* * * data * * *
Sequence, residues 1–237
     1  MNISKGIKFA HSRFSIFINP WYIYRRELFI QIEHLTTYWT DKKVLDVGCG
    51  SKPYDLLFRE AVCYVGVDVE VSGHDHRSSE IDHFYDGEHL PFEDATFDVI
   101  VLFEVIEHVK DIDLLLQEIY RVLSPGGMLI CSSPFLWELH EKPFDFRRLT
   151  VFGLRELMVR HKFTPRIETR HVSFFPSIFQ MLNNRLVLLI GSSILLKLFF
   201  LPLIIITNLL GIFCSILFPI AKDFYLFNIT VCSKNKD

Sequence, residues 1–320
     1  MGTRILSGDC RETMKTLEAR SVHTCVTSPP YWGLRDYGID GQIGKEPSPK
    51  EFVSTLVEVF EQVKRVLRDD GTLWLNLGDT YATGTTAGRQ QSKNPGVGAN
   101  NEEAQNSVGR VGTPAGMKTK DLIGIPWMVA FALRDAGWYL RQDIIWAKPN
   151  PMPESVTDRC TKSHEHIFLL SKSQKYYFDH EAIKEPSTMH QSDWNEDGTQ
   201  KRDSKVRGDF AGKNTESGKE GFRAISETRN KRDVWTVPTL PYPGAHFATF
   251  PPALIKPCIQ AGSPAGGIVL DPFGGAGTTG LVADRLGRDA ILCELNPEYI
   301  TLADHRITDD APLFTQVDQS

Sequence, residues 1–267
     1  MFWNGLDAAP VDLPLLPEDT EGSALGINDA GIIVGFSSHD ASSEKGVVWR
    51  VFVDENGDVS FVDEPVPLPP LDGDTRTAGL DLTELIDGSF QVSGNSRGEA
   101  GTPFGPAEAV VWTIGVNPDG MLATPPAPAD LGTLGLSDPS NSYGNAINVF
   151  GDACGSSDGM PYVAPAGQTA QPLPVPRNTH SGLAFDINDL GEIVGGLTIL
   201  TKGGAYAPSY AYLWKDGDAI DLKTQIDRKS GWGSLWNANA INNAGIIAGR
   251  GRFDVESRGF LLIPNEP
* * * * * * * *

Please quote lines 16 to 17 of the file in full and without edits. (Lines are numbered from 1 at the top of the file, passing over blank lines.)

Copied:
     1  MFWNGLDAAP VDLPLLPEDT EGSALGINDA GIIVGFSSHD ASSEKGVVWR
    51  VFVDENGDVS FVDEPVPLPP LDGDTRTAGL DLTELIDGSF QVSGNSRGEA